We have N weeks of component supply on hand and have secured additional N weeks of inventory from the broker market. The supplier has an alternate facility in X which can build this part. A 4 person team will deploy tomorrow to the alternate facility to support the supplier with an initial build. The alternate site should be up within N weeks. Communications with the supplier are streamlined and updates are posted every N hours.

At this time, we have no reason to believe that our manufacturing lines will be shut down due to this event.

The ability to compose that email implies that you have mapped your supply chain, that you have timely, accurate, and complete visibility of what’s happening in your supply chain, and that you communicate and collaborate effectively with your suppliers and trading partners  — which, in my book, are all fundamental attributes of supply chain excellence. From this, everything else follows: financial performance, market share, and customer satisfaction and loyalty.

Supply Chain Software Vendors in the News

Lots of news this week coming from supply chain software vendors, starting with Manhattan Associates (a Talking Logistics sponsor) which reported record fourth quarter and full year 2019 revenue ($152.9 million and $617.9 million, respectively). 

“For the first time ever in a quarter, cloud revenue surpassed license revenue,” said Manhattan CEO Eddie Capel during the earnings call. “And we expect this to be a permanent trend as our cloud pipeline is growing more rapidly than license reflecting that market demand I mentioned.”

Capel also highlighted the company’s transportation management system (TMS) and its growing contribution to the business:

“Q4 is another positive quarter for our TMS business. Many of the market factors that I’ve noted in prior calls continue to help us close additional TMS business [this] past quarter. And while we closed some very nice deals here in the Americas, of particular note was the addition of a large European grocer to our TMS community. And I’ve shared with you on prior calls that expansion of our TMS business into Western Europe is one of [our] strategic objectives. So it’s particularly heartening to be selected by a TMS customer who has no pre-existing relationship with Manhattan Associates.”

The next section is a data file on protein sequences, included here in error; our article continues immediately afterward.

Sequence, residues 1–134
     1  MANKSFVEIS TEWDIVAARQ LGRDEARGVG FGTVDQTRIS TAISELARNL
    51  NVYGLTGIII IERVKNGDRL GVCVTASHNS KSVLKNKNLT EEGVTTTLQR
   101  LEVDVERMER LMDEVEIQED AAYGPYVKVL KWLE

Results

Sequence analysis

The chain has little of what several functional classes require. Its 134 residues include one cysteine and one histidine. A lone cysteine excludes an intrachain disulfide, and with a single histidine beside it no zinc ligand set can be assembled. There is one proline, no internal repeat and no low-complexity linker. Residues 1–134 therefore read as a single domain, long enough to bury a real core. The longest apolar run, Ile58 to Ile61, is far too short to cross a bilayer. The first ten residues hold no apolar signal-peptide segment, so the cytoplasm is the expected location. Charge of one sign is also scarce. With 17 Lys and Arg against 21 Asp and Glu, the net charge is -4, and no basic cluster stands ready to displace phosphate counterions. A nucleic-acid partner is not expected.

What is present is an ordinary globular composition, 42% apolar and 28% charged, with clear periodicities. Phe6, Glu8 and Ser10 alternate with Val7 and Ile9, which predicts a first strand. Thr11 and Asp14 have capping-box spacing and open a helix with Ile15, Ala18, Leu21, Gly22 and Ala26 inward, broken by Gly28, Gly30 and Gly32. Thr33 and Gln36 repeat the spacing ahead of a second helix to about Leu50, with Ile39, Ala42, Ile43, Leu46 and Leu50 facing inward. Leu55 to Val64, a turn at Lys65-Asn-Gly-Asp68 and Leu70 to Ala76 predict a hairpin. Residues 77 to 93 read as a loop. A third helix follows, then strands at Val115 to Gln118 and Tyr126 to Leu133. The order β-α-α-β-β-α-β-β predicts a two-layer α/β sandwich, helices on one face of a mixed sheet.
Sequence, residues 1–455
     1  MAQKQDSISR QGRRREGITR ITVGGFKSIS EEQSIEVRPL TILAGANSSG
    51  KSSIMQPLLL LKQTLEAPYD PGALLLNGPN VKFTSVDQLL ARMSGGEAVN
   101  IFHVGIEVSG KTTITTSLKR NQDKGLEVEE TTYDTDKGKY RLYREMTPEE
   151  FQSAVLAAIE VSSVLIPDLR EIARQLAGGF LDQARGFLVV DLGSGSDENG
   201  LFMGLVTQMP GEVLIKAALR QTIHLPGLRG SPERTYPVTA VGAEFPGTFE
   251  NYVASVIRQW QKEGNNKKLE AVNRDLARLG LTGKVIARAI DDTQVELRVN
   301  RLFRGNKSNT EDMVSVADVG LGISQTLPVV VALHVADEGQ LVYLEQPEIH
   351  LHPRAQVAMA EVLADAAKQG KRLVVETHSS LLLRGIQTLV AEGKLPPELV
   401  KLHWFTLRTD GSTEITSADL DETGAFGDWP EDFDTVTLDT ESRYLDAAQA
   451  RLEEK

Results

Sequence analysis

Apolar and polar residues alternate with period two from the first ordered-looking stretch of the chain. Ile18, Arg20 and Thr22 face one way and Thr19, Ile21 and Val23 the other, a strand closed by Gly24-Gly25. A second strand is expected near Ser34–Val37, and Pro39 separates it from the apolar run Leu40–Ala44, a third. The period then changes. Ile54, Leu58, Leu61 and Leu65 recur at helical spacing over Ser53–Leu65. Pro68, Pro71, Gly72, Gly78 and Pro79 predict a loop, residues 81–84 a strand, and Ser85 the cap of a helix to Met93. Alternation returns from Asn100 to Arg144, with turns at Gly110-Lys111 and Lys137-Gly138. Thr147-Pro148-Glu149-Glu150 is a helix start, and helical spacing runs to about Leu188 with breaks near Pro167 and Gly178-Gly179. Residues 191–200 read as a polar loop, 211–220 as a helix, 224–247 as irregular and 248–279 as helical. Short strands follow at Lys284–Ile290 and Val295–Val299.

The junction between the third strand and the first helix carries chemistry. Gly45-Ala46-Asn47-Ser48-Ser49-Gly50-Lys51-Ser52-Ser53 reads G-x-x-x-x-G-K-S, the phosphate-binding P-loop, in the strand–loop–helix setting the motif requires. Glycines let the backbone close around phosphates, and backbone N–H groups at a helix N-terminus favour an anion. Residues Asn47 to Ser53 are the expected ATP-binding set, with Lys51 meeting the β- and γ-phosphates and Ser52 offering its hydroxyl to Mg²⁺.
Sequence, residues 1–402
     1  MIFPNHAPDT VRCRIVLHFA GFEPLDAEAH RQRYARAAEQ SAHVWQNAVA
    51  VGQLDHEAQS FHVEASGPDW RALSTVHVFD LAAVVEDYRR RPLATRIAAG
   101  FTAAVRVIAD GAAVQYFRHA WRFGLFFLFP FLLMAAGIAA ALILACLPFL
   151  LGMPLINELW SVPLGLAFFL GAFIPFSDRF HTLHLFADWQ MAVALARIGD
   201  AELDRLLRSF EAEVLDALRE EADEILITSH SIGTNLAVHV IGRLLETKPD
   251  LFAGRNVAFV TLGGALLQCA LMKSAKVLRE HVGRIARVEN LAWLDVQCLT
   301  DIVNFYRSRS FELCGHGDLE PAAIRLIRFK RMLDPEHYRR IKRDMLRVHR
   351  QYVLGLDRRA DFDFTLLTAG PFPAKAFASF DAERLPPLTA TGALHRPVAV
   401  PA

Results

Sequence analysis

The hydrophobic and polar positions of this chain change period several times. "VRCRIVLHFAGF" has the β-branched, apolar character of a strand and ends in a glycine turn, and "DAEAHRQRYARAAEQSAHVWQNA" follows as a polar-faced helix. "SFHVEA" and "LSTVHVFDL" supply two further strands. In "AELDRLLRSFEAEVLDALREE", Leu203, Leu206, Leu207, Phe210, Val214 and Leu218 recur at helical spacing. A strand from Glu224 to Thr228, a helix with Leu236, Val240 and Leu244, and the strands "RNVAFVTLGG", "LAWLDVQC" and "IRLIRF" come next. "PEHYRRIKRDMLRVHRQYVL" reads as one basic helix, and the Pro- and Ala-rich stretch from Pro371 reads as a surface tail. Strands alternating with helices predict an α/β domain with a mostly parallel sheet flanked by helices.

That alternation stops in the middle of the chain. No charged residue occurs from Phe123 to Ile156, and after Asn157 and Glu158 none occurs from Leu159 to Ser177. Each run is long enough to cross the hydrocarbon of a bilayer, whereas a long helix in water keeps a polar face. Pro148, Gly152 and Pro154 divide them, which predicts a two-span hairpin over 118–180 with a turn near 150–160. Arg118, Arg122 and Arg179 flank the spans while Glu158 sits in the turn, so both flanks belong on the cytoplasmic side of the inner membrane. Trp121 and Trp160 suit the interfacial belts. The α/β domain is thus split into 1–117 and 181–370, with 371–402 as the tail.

Meanwhile, Infor announced that an affiliate of Koch Equity Development LLC, the investment and acquisition subsidiary of Koch Industries, Inc., has entered into a definitive agreement to acquire the remaining equity stake in the company held by Golden Gate Capital. According to the press release: “In addition to being a key enterprise customer, Koch has been an investor in Infor since 2017. With the strength of its balance sheet and a AA corporate credit rating, Koch intends to quickly position Infor as one of the most well-capitalized companies in technology.”

Also this week, ClearMetal announced that “it has received an additional $15 million in funding in a round led by Palo Alto-based Eclipse Ventures, making the total capital invested in the company to date more than $31 million. The funding enables the further development of ClearMetal’s CDX Platform, which continually learns, adjusts and gets smarter to drive constant improvement in delivery and experience for customers. Additional investors include Prelude Ventures, Innovation Endeavors, NEA, SAP.io, Prologis Ventures, PSA Unboxed, DCLI, and the founders of GT Nexus, Navis, and Uber Freight.”

ClearMetal has certainly evolved a lot since I first started following them in 2017. Check out my September 2017 Talking Logistics interview with Adam Compain, ClearMetal’s CEO, on “AI, Machine Learning, and the Power of Predictive Logistics” — one of our most popular episodes that year with over 1,400 views.

The bottom line, as these three news items indicate, there is plenty of positive momentum (and money at play) in the supply chain software space.

And with that, have a happy weekend!

Song of the Week: “Manhattan Skyline” by a-ha